Once were where countless trees and other organism used to thrive, now a barren land falling into the abyss of silence except the lapping deadly saltwater. These eerie silhouettes did not appear out of thin air; they are, in fact, witnesses and victims of the increasingly rising sea level.
Since the beginning of Industrial Revolution, massive amounts of greenhouse gases have been released into the atmosphere, contributing to the rise of earth’s surface temperature (“Ocean acidification”, 2017). Scientific evidences have shown that the ocean, has absorbed more than 93% of released anthropogenic heat since the 1970s, due to the water’s high heat capacity (Reid, 2016). The absorption has driven the sea level to rise at an unprecedented rate, much faster than what scientists have previously predicted. As a matter of fact, the Pacific Ocean has been warming 15 times faster in the past 6 decades than it did for the past millennia (Vergano, 2013). Consequently, salt water has been being push further inland, inundating non- coastal forest areas and killing salt- intolerant flora.
Along the east coast of North America, salt marshes have conquered thousands of acres of land, leaving nothing but barren trunks stretching from New Jersey to as far south as Florida. Known as ghost forests, some scientists have deemed this phenomenon as “a dramatic expression of climate change” (Drouin, 2016). The prolonged exposure to water is not merely attributed to soil erosion, but also the acceleration of nutrient breakdown and leakage. More nutrient runoff could give a boost to algae bloom that exacerbates aquatic habitat as it rapidly depletes oxygen in the water, thus placing more environmental burdens on the stressed land (Kaye, 2017). Furthermore, the disappearance of healthy forests will eventually result in the collapse of the local ecosystems. “It was dry, usable land 50 years ago; now it’s marshes with dead stumps and dead trees,” said Professor Matthew Kirwan, a ghost forest researcher from Virginia Institute of Marine Science (Parry, 2017).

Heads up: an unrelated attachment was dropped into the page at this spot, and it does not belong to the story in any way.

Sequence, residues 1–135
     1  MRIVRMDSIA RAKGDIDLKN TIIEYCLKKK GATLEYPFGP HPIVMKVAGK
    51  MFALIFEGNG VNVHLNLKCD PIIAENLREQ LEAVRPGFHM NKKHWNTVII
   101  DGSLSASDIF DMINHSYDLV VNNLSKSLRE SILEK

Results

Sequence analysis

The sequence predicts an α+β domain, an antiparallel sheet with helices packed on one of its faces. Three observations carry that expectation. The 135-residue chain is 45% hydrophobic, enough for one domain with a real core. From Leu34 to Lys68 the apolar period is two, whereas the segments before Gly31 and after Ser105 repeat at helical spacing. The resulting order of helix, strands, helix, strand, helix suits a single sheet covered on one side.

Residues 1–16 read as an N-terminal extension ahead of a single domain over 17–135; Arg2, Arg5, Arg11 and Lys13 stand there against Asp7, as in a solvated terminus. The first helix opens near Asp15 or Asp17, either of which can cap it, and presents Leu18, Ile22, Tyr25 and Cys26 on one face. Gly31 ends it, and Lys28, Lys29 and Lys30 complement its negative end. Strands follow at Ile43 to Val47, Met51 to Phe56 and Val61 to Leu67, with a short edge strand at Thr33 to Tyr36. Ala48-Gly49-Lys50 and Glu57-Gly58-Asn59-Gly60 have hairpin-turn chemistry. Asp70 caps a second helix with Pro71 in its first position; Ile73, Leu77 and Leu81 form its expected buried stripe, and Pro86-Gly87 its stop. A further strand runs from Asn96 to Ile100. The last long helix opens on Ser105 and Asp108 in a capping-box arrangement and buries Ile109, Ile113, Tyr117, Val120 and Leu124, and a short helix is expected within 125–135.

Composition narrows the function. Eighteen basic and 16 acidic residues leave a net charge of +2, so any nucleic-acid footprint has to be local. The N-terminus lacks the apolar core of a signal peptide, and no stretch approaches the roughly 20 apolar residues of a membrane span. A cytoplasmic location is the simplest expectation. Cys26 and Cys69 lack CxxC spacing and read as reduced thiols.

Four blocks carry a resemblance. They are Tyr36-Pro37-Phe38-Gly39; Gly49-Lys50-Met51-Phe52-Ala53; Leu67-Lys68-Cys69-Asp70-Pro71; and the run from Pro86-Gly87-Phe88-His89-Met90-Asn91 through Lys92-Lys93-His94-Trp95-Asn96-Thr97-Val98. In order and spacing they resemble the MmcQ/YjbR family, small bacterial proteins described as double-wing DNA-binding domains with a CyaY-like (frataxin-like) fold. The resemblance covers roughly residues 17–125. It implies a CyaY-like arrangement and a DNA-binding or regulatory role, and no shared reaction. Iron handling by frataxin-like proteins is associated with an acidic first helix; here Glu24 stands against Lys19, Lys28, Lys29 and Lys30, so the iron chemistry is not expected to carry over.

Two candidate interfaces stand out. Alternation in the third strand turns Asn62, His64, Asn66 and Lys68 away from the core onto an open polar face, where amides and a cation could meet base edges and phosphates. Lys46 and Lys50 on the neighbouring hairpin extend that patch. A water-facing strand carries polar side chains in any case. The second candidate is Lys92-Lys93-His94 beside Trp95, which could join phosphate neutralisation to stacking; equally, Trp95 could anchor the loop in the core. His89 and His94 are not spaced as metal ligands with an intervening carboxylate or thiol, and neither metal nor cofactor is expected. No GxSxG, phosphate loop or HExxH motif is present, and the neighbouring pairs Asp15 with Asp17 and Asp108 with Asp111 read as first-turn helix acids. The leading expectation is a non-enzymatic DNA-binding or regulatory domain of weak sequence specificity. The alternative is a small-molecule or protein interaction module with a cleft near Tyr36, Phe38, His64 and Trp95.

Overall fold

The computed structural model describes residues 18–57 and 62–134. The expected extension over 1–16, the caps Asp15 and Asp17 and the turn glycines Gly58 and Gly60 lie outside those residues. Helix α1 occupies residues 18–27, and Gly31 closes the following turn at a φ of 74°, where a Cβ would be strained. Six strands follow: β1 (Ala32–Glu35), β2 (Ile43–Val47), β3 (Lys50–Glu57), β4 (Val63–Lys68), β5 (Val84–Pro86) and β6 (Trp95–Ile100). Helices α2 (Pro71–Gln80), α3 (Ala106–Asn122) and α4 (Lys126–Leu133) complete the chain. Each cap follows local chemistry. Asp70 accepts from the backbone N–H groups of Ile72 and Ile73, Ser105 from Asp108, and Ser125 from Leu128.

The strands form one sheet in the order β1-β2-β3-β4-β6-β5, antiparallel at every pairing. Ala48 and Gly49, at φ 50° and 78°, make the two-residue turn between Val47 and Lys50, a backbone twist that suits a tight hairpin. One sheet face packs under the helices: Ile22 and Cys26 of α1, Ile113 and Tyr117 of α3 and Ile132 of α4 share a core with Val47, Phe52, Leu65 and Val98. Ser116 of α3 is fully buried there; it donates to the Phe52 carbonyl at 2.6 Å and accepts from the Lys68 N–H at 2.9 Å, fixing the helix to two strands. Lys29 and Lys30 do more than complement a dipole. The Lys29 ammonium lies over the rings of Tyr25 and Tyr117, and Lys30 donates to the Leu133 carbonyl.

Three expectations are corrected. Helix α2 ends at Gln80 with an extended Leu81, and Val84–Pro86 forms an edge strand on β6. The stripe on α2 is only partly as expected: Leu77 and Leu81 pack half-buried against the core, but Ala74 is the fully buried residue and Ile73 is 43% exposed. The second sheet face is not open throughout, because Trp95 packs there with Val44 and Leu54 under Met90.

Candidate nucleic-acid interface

As harsh as it sounds, we are running out of excuses for ignoring climate change amidst the age of Anthropocene. For the sake of the environment and subsequent generations, we must start our journey on fighting against climate change. No more excuse, no more procrastination.
Written By: Hong Hui (Y2 NVB)
Drouin, R. (2016, November 1). How Rising Seas Are Killing Southern U.S. Woodlands. YaleEnviroment360. Retrieved from http://e360.yale.edu/features/ghost_forest_rising_sea_levels_killing_coastal_woodlands
Kaye, L. (2017, August 3). Sea Level Rise Creating ‘Ghost Forests,’ New Wetlands Along Eastern Seaboard. TriplePundit. Retrieved from http://www.triplepundit.com/2017/08/sea-level-rise-creating-ghost-forests-along-u-s-east-coast/
Morton, S.B. (Photographer). (2017, June 16). Ghost Forest [digital image]. Retrieved from http://nationalpost.com/news/world/seas-rise-trees-die-climate-change-before-your-eyes
Ocean acidification. (2017, April 27). National Geographic. Retrieved from http://www.nationalgeographic.com/environment/oceans/critical-issues-ocean-acidification/
Parry, W. (2017, August 1). The Startling ‘Ghost Forests’ of The East Coast: Climate Change before Your Eyes. National Post. Retrieved from http://nationalpost.com/news/world/seas-rise-trees-die-climate-change-before-your-eyes
Reid, P. C. (2016). Ocean Warming: Setting The Scene. In: Laffoley, D., & Baxter, J.M. (editors). (2016). Explaining ocean warming: Causes, scale, effects and consequences. Full report. Gland, Switzerland: IUCN. pp. 19. Retrieved from https://portals.iucn.org/library/sites/library/files/documents/2016-046_0.pdf
Vergano, D. (2013, November 1). Ocean Warming Faster Now Than in 10,000 Years. National Geographic. Retrieved from http://news.nationalgeographic.com/news/2013/10/131031-climate-ocean-temperatures-years/